Barbara Creasman is the first friendly face that residents and visitors greet when they walk through the doors of the Oaks at Sweeten Creek. Luckily, Creasman’s receptionist duty isn’t something she takes lightly.

Now a 17-year Sweeten Creek veteran, Creasman started out at the center as a CNA, and assisted with transportation by driving residents to their appointments in the Sweeten Creek van. Eventually, she moved into the role of the nurse’s station clerk, where she served for ten years.

After that, she transitioned into her current role at the front desk, where she has worked for the past five years. She said, “They asked me to move into this job, and I love it—so I stayed. I love my job and I love the people.” However, she still pitches in as a CNA when needed. Without hesitation, Creasman said that her favorite part of working at the Oaks are the residents. “They make you laugh everyday. . . They like to tell you about times when they were growing up,” she explained. “I love my job. I feel guilty if I don’t come to work—like I’m letting someone down.”

This comes as no surprise. Creasman exuded warmth and a compassionate demeanor over the phone. Tim Lane, Executive Director of the Oaks at Sweeten Creek, sung his praises of Creasman: “Barbara Creasman’s current job title is receptionist. However, the role she plays and its importance to the care and well-being of residents and others of this facility cannot be captured in any job title. Barbara often goes well beyond her job role to provide support, direction, and encouragement to residents, families, and other staff. Our building is in the shape of a wagon wheel, with the nurses station in the very center. The receptionist spot is close to the nurses station, so residents know exactly where to go to get their money when they want it. Visitors also have to pass by, and many of them can be heard asking how their loved one is doing. When family members call to check on their loved one, they don’t ask for the nurse. They ask for Barbara. Why? Because Barbara has won the respect of families, residents, and staff with her sometimes brutal honesty, and her genuine concern for the well-being of other people.”

Creasman stated that of all the core values, honesty, compassion, and integrity are most crucial. For Creasman, honesty is always the best policy, and compassion (and empathy, a close relative) should be interwoven in every social exchange of the day, every single day.

“Love them all and treat them all the same. This is their home. We are a guest in their home. . . Every resident in the building is every CNA’s patient.”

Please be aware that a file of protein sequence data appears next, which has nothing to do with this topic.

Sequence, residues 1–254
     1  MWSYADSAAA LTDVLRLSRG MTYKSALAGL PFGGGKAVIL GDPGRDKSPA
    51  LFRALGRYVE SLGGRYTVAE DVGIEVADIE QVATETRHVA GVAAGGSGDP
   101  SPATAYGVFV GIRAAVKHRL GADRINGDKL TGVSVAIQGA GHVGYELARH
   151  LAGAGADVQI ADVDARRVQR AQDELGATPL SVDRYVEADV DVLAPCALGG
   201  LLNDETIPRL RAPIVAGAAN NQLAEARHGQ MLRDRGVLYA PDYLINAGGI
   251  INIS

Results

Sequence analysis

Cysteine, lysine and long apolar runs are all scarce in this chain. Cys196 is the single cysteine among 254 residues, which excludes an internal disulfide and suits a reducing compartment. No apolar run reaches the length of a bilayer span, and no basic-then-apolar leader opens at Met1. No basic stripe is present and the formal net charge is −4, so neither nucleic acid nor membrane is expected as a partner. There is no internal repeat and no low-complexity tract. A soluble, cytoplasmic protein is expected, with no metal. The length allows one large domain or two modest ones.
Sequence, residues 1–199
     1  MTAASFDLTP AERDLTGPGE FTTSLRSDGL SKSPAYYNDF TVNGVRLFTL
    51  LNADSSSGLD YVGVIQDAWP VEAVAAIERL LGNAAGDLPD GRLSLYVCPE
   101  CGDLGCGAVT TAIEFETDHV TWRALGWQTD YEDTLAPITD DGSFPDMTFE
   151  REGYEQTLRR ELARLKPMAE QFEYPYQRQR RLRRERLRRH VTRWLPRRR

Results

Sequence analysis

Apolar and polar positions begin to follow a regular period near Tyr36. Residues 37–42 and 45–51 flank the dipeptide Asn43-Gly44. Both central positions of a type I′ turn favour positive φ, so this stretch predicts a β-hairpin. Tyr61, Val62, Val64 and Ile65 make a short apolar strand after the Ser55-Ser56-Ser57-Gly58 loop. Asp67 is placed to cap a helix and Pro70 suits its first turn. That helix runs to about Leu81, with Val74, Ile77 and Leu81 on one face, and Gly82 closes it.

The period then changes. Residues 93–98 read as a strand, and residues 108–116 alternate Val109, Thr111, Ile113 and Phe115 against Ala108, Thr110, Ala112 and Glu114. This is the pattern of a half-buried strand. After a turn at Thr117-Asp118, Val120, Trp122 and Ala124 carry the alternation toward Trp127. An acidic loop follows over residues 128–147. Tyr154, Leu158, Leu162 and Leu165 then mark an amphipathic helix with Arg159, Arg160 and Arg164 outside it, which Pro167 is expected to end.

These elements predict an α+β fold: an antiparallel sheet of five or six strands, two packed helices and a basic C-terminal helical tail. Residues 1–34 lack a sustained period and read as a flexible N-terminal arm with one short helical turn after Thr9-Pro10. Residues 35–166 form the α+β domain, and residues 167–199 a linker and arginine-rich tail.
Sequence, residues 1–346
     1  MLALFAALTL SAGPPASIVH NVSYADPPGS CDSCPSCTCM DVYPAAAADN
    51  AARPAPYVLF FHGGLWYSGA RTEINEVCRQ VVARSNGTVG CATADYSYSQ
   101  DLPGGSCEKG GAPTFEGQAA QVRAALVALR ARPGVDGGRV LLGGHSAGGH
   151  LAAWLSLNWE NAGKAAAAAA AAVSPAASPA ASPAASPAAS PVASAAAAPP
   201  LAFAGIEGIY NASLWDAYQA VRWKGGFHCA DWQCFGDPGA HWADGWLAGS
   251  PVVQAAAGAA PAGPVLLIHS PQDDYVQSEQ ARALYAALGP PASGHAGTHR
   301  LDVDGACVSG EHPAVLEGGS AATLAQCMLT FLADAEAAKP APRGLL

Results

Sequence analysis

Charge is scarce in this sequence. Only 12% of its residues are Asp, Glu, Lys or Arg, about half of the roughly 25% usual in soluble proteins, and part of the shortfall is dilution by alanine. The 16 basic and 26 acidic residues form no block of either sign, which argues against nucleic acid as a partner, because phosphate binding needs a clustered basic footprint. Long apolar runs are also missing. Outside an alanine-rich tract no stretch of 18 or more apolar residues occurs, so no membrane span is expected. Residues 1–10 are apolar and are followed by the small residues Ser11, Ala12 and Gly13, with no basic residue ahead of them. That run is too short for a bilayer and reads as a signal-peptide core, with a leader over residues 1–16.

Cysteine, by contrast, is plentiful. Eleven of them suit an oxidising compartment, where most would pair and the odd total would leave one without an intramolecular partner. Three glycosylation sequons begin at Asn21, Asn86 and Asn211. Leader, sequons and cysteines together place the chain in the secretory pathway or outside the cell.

Creasman is the kind of staff member who takes the time to fully lean into her natural instinct and heart of compassion, and truly listen to residents during a potentially vulnerable time, when a listening ear is what they need most of all. If any troubles with residents or family members arise at the care center, Creasman stated calmly: “I listen to them and explain why things happened the way they did, and why that had to be that way. . . I don’t look at anything as a challenge.”

In his nomination of Creasman, Tim Lane offered a plethora of instances in which Creasman has gone above and beyond—from providing residents the chance to call their spouses, to straightening up disabled residents’ rooms and preparing them for visitors, to gently encouraging patients to attend doctor’s appointments, and to meeting each and every employee or resident exactly where they are, and helping them through like no one else can.

Lane elaborated further: “Barbara Creasman’s name appears on the Employee Recognition board several times a week for numerous positive actions. The recognition is earned as well as deserved. This is one special lady, and we are all blessed to have her working in our industry. I am honored to nominate her for our company’s CHIRP Spotlight.”

It’s no shock that Creasman’s advice to those working in the health care industry is permeated with such unadulterated compassion and love. She said, “Love them all and treat them all the same. This is their home. We are a guest in their home. All residents are your patients. Every resident in the building is every CNA’s patient. [Each individual CNA] may take care of only a few of them, but every resident in this building belongs to you. Take care of all of them and go answer every call and help everyone you can, regardless if they’re assigned to you.”

In her free time, Creasman loves to spend time with her three great-grandchildren. She hopes to fly out to California one day soon to visit them.

Thank you, Barbara, for serving Consulate so well! We are lucky to have you in our community.

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